Today marks 2 years since I posted a short film online about a then 9 year old boy named Caine Monroy's cardboard arcade. I wanted to share some of the good things that have happened since.
If you haven't seen the film, please take 11 minutes to watch it.
My initial goal with this film was simply to make Caine's day, share his creativity and possibly bring him a few more customers. As an aside, I invited people to chip in to a Scholarship Fund for Caine, hoping to raise $25,000 at most.
Not in my wildest dreams did I expect what happened next.
The film went viral immediately. Caine's Arcade received over 1 million views the first day, trended worldwide on Twitter and raised over $60,000 for Caine's Scholarship Fund (in the first 24 hours) -- far surpassing my $25,000 goal. To date, over $239,000 has been raised for Caine's Scholarship (!), over 8 million people have seen the film online (including President Clinton's security guard, who cried) and tens-of-thousands of people have traveled to Boyle Heights to play Caine's Arcade.
The response didn't stop there. A community of over 130,000 people connected to Caine's Arcade on Facebook, and parents started to share photos of new cardboard games that their kids made after watching the film.
It quickly became clear that there were kids like Caine in every community around the world, and the question became: What can we do to foster their creativity as well?
Two days after posting the film, we decided to try and start a nonprofit to foster the creativity and entrepreneurship of more kids. The Goldhirsh Foundation believed in our mission, and gave us a $250,000 startup grant to form what has become the Imagination Foundation -- this all happened just 5 days after the film went viral. The timely financial support combined with the viral grassroots support of parents and educators, allowed us to transform the momentum of Caine's Arcade into something that has continued to grow.
Six months after the film went viral, we posted a follow up film (Caine's Arcade 2), which launched our first Global Cardboard Challenge. The Challenge invited kids to make whatever they imagined using cardboard and recycled materials. It culminated in a day of play on the anniversary of the flashmob we did for Caine in the movie. This open creative challenge has been an amazing success, growing from 11,000 participants the first year, to over 86,000 kids the second year.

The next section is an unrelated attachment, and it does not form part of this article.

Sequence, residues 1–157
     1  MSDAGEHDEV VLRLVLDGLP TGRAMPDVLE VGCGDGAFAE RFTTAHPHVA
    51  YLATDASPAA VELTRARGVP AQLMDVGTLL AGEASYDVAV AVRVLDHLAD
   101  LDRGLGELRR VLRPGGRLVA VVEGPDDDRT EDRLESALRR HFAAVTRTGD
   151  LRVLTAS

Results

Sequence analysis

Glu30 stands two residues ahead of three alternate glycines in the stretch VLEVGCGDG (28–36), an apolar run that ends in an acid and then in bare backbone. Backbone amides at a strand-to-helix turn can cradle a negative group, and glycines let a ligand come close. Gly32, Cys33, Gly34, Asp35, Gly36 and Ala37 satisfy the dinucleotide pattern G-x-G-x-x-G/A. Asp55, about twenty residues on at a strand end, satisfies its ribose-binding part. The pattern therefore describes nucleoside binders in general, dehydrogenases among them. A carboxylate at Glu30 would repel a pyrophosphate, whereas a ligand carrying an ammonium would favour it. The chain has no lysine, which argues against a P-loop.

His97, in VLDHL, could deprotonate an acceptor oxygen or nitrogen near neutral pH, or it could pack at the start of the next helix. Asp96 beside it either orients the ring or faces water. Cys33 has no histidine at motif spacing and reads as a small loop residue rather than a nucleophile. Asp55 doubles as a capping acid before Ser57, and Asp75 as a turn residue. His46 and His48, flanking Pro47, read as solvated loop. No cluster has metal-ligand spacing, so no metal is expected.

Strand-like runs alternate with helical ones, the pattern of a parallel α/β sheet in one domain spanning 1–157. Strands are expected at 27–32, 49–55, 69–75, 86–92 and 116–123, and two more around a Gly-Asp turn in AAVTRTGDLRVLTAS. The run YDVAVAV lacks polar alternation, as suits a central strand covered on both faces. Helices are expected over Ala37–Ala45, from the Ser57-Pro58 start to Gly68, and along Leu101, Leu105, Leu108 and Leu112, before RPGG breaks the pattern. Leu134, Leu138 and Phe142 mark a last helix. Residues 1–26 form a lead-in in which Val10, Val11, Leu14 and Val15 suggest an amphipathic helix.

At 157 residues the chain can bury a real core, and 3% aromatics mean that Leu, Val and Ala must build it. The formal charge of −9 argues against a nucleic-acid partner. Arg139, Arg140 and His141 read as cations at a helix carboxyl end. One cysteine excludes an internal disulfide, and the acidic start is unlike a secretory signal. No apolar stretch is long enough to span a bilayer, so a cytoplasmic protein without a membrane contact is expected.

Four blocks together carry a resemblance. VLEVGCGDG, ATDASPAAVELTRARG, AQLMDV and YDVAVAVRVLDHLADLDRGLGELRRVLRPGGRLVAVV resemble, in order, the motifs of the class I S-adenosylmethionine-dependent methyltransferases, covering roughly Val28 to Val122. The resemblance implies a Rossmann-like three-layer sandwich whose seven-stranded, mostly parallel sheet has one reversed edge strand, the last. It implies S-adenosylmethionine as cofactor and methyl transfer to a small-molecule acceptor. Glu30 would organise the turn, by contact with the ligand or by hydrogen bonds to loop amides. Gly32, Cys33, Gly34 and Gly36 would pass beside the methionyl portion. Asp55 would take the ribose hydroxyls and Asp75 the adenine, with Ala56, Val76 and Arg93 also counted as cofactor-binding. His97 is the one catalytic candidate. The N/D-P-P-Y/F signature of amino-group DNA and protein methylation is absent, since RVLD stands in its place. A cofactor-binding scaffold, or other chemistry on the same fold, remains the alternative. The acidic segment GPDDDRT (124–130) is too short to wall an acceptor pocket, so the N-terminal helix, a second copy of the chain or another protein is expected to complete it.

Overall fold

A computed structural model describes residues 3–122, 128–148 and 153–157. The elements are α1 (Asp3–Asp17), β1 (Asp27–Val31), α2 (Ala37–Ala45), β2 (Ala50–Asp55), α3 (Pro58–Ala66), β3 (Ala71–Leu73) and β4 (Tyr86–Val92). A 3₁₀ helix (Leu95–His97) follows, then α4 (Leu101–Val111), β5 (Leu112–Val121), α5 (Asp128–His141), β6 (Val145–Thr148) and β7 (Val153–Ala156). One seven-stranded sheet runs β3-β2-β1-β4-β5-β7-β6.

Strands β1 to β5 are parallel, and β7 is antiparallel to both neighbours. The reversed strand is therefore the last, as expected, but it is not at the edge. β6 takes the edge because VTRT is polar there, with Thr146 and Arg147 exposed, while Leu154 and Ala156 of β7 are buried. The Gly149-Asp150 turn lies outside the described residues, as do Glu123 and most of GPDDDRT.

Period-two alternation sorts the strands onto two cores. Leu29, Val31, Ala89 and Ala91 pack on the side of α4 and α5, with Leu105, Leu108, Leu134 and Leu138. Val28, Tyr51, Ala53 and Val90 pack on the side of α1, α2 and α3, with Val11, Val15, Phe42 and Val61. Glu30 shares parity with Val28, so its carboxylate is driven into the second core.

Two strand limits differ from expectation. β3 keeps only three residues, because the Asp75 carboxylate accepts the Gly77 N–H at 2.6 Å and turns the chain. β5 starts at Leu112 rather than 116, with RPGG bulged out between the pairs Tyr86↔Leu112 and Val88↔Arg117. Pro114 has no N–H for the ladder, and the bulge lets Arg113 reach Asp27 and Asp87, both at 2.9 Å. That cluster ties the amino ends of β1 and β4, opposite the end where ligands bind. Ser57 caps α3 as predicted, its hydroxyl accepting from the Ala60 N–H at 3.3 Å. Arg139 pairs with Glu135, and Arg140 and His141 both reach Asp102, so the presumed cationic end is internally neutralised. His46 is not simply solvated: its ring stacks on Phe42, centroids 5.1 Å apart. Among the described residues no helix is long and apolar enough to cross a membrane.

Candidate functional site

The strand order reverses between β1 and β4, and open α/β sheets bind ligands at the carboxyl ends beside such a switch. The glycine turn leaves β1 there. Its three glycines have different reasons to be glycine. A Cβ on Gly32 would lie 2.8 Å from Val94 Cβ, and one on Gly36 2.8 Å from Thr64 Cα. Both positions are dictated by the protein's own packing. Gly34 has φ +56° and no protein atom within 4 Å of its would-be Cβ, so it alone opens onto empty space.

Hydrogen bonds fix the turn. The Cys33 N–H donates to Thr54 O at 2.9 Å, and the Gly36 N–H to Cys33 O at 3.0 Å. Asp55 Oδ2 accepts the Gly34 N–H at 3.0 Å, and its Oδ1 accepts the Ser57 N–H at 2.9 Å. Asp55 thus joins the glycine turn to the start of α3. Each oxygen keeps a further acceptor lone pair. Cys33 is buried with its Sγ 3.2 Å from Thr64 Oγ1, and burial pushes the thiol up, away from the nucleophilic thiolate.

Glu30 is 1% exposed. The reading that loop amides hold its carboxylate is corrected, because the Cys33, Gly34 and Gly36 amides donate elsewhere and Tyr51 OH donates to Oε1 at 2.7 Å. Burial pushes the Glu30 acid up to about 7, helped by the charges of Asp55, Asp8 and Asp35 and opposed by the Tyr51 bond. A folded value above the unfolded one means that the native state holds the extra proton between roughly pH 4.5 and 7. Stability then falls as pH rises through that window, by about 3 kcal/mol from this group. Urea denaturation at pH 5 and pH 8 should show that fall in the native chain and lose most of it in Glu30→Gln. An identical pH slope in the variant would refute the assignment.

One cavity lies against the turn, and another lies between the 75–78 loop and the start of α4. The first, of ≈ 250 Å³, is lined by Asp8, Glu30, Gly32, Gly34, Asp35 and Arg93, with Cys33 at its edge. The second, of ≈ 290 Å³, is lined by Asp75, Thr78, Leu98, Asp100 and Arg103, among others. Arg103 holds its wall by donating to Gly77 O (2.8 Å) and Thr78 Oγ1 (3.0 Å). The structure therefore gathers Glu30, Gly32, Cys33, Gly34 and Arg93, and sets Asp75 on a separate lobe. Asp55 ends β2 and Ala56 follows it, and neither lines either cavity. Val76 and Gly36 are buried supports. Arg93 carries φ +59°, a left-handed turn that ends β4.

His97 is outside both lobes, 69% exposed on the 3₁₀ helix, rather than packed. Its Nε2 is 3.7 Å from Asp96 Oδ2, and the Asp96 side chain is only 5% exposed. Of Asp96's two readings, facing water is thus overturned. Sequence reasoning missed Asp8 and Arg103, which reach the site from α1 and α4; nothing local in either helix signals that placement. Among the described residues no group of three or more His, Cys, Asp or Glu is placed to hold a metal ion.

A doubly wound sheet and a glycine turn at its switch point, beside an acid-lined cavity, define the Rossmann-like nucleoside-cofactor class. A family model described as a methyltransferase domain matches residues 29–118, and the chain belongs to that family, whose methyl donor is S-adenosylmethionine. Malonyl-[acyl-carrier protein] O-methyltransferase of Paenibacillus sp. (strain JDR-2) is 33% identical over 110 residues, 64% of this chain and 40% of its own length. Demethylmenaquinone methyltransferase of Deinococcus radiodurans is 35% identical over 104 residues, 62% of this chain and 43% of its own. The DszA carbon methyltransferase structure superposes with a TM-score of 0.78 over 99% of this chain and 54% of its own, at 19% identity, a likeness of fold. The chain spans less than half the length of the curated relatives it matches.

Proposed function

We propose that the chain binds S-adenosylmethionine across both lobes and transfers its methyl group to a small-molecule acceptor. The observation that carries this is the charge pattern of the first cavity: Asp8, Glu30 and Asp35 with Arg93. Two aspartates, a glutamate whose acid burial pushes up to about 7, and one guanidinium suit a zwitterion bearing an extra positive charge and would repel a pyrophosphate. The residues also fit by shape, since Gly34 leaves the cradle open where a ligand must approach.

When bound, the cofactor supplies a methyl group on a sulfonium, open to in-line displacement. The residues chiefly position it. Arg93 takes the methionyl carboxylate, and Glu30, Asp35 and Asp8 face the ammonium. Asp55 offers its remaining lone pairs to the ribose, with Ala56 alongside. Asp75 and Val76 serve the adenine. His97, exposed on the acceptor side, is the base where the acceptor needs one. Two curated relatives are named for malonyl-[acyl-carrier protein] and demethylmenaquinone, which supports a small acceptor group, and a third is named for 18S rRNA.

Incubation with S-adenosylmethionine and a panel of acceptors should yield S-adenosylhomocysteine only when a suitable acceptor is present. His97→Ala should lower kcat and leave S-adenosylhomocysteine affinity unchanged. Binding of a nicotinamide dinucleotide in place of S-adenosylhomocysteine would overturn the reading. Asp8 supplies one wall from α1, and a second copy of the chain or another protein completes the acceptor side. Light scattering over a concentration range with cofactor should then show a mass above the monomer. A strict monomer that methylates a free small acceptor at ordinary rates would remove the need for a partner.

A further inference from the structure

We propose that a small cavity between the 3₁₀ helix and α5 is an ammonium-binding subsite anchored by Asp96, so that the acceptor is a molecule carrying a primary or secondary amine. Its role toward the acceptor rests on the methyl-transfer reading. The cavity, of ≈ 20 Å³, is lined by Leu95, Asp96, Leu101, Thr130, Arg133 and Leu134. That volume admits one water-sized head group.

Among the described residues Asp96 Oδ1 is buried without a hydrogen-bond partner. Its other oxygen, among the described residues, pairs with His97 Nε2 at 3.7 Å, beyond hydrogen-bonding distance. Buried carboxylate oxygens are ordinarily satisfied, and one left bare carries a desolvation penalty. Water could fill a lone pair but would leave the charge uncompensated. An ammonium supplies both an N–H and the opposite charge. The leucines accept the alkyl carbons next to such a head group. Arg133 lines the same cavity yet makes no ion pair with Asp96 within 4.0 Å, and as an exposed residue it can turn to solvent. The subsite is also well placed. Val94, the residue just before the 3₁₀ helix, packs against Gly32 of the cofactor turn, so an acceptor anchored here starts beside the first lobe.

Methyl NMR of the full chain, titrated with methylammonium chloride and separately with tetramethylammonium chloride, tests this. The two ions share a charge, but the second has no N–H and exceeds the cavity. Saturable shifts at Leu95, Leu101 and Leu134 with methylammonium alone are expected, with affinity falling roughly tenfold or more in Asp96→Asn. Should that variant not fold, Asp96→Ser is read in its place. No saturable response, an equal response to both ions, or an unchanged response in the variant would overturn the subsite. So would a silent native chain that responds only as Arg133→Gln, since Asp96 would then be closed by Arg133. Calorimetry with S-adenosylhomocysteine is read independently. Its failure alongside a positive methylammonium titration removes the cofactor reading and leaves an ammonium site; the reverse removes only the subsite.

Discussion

For me, the growth of the Cardboard Challenge is more meaningful than the viral success of the film. It represents more than a passive view; there are thousands of volunteers coming together to organize events for kids around the world. Kids have used their cardboard arcades to raise tens-of-thousands of dollars for various charities and local causes. Educators have created design thinking challenges and open-source common core aligned curriculum for kids K-12. And the creativity of the kids continues to inspire. Recently I was at a Cardboard Challenge in Denver, where 10 year old Hannah Jenkins used cardboard, nails, some metal pipe, and her imagination to create this fully functional cardboard piano.
In 2014, the Global Cardboard Challenge hopes to engage even more kids, and will culminate in a day of play on October 11th.
Meanwhile, the Imagination Foundation continues to grow under the leadership of Mike McGalliard, who came on as Executive Director in 2013, allowing me to transition back to filmmaking after a year of working on the Foundation full-time. Whew!
The Imagination Foundation will be launching "Imagination Chapters" in 2014 -- a new program that will foster creative play for kids at local levels year round.
How is Caine doing now?
Caine is now 11 and is in middle school. He is doing great!
The impact on Caine has been profound. Caine's dad told me that before the film, Caine was behind in reading and that his school considered him "slow" and wanted to hold him back a year. After the film, Caine became a poster child for gifted children everywhere -- his grades improved and he even stopped stuttering. Caine began to refer to himself as an engineer and a game designer.
Caine is still a regular kid who loves to work on his bike, play basketball and build things. On his 11th birthday, Caine officially "retired" from running his arcade to focus on middle school and his next big dream -- starting a bike shop.
Caine, his family, and I have been invited to travel around the world to share our story and lessons learned at conferences, universities and companies from Google to General Motors. At the age of 9, Caine became the youngest entrepreneur to speak at the USC Marshall School of Business. He was the youngest speaker at the Cannes Lions International Festival of Creativity in France. He also gave a solo TEDx talk in NY hosted by Chelsea Clinton. After a presentation we gave at the Colorado Innovation Network, the Dean of Colorado State University Business School offered Caine a full-scholarship should Caine decide to go to school there!
Caine's future is bright.
I can't help but imagine how bright the future would look if the creativity of every child was fostered. I don't mean that we need to make every kid a YouTube celebrity, but simply that we can do more collectively to foster the individual talents and abilities of kids.
Seeing kids like Caine receive support from a global community makes me optimistic for our collective future.